Top MBA Programs
Wharton's Finance major is designed for MBA students who want to work in investment banking, investment management, hedge funds, private equity, corporate treasury, investment banking and consumer banking. Wharton finance majors often end up working in management consulting and finance positions in other industries outside of finance including the energy sector and mergers and acquisitions.
The University of Chicago Booth School of Business
The Booth School of Business offers a finance concentration and several co-curricular activities that allow Booth students to explore financial operations in a real-world setting. The Investment Banking Group, Booth's largest student organization, seeks to give their members an extensive understanding of the investment banking industry and lead them toward investment banking careers. Other co-curricular activities for finance MBA students include the Financial Analysis and Treasury Group, Bank Week, the Hedge Fund Group and the National IPO challenge. 44.5% of Booth graduates work in finance, mostly in investment banking and diversified financial services, according to Booth's 2011 employment report.
NYU Stern School of Business
Stern's finance specialization is designed for those who seek careers in finance and real estate including asset management, corporate finance, equity and fixed income research, international sales/emerging markets, investment banking, private client services, real estate finance and sales and trading. Stern finance MBAs go on to work at companies such as American Express, Bank of America Merrill Lynch, Citigroup, the Federal Reserve Bank of NY, HSBC, MetLife, Standard & Poor's, and UBS.
Stanford Graduate School of Business
Stanford offers several finance electives. According to Stanford's Employment Report (PDF), 36% of 2011 Stanford MBA graduates work in finance, mainly in private equity (14%), venture capital (7%) and hedge funds (6%). Finance companies that hire Stanford MBA graudates include American Express, Banc of America Securities, Goldman Sachs, JPMorgan Chase, and UBS.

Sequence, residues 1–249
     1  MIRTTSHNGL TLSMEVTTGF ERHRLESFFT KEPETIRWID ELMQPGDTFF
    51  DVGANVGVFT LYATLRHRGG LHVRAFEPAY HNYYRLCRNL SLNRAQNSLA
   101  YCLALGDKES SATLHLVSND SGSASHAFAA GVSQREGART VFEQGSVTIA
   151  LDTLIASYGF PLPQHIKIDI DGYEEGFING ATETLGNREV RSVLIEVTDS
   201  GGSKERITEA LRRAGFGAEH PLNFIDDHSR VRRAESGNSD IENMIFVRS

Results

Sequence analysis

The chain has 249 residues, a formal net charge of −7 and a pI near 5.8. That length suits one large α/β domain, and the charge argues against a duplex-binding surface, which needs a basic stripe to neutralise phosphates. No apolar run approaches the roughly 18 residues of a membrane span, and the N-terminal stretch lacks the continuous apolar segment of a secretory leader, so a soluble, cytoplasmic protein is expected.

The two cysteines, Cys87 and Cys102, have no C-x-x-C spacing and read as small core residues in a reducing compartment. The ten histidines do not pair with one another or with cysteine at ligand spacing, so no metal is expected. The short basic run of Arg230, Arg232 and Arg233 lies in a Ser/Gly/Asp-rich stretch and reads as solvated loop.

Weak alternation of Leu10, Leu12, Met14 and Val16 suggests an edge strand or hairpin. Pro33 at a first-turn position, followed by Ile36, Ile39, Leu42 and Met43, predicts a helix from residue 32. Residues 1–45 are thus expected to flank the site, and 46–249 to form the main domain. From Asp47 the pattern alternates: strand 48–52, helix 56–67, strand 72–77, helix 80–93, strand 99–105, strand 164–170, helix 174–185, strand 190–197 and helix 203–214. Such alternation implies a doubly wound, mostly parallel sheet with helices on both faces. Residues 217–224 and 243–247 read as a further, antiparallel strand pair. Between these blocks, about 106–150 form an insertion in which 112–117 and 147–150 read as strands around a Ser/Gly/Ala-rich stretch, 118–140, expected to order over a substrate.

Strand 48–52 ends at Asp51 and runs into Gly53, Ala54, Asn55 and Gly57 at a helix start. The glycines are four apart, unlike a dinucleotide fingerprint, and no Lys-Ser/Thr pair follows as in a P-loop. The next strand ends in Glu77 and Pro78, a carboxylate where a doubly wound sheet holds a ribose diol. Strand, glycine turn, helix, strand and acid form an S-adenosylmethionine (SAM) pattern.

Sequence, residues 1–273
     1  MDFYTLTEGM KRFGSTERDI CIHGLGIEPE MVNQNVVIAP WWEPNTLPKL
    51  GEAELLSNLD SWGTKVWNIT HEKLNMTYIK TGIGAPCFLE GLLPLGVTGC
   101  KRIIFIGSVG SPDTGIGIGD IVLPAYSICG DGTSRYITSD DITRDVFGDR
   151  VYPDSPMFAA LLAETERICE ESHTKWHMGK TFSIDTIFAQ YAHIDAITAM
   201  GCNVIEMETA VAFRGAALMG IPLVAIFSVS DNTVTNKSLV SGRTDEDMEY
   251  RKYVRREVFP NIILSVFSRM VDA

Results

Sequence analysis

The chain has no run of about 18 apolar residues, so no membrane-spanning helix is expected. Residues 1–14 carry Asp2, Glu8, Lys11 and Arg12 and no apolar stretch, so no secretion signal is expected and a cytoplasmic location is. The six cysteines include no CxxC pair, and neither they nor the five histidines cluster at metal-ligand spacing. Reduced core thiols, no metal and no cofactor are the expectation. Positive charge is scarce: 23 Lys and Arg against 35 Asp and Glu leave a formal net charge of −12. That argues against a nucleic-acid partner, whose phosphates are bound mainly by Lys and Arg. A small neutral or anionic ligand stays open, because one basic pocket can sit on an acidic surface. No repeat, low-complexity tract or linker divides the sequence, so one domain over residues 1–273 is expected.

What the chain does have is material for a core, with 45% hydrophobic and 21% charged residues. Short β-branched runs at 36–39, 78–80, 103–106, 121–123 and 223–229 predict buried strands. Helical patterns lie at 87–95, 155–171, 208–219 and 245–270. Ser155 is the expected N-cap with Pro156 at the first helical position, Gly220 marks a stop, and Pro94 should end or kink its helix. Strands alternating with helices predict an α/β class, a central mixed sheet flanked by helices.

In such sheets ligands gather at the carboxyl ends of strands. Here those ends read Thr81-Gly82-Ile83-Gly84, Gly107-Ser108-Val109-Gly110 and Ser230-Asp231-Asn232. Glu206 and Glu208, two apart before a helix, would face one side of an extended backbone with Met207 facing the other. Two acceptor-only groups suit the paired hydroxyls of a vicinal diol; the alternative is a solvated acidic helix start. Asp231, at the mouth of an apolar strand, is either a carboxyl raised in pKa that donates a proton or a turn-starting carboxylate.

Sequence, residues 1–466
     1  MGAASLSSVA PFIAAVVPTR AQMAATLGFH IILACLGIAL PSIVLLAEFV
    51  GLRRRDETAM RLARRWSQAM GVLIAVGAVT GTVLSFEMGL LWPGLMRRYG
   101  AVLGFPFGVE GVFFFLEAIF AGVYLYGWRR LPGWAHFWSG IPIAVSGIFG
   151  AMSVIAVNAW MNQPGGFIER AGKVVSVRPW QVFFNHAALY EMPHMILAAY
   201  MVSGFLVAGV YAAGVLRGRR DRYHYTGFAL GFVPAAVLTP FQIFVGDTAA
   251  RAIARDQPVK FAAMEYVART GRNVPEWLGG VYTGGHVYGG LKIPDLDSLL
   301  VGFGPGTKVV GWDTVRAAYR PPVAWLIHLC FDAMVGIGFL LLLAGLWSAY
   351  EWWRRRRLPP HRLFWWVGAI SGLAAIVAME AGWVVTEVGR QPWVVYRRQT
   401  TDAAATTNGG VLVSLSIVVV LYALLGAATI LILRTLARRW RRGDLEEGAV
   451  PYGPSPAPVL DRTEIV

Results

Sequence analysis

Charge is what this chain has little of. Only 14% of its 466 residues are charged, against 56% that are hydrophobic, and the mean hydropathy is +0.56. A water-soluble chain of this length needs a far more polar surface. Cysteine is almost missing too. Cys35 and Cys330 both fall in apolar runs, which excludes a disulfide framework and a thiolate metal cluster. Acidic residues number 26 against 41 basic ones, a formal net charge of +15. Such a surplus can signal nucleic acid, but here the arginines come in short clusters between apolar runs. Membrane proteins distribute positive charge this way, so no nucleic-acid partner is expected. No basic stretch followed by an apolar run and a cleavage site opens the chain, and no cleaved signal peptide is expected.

Columbia Business School's finance curriculum is designed for students who want to work in consulting, corporate finance, capital markets, sales and trading, investment management, and private equity. The Economics and Finance Division offers nearly half of the courses at Columbia Business School and over half of Columbia MBAs work in finance-related jobs.
MBA Finance Jobs
All major banks actively recruit MBAs. Most top banks look to recruit MBAs into global markets, asset management, structured finance, corporate finance, and hedge funds. There are also many back office positions in risk such as financial control and technology.
Banks aren't the only companies that hire MBA graduates into financial service positions. GE Capital is now one of the world's biggest MBA recruiters. American Express is also becoming a major MBA recruiter. Insurance companies also hire MBAs on regular basis. AIG, Travelers, CIGNA, and Liberty Mutual are among the US insurance companies that hire 10 or more MBAs each year.
Hedge funds, private equity and venture capital houses are also hiring significant numbers of recent MBA graduates. While these companies used to recruit from networks of experienced companies, they are realizing that they need to recruit younger MBA graduates to meet growing market opportunities.
While the credit crunch resulted in hiring freezes at for experienced bankers, entry-level recruitment has remained steady at most companies. Citigroup and Bank of America were among the companies with the largest hiring freezes.
Financial Services Industry Growth
Most MBA financial services jobs have been created in emerging markets. Banks that do business in Asia, Russia and Brazil contrinue to do well.
There is much less MBA hiring happening in developed economies due to the threat of banking reforms and sovereign debt issues. Once those two issues are overcome or clarified, however, banks will probably increase their MBA hiring significantly in order to make up for five years of cautious recruiting. That means that there could be an MBA hiring boom as early as 2013 or 2014.
The areas of the finance industry that were hit the hardest during the economic crisis of 2008-09 are now making a strong comeback. These areas include private equity and asset management. Market risk and compliance departments may be hiring MBAs as banks seek greater security and control of risky investment classes.
For more information on financial services industry growth and MBA hiring trends, check out the QS Jobs & Salary Trends Report 2011/12.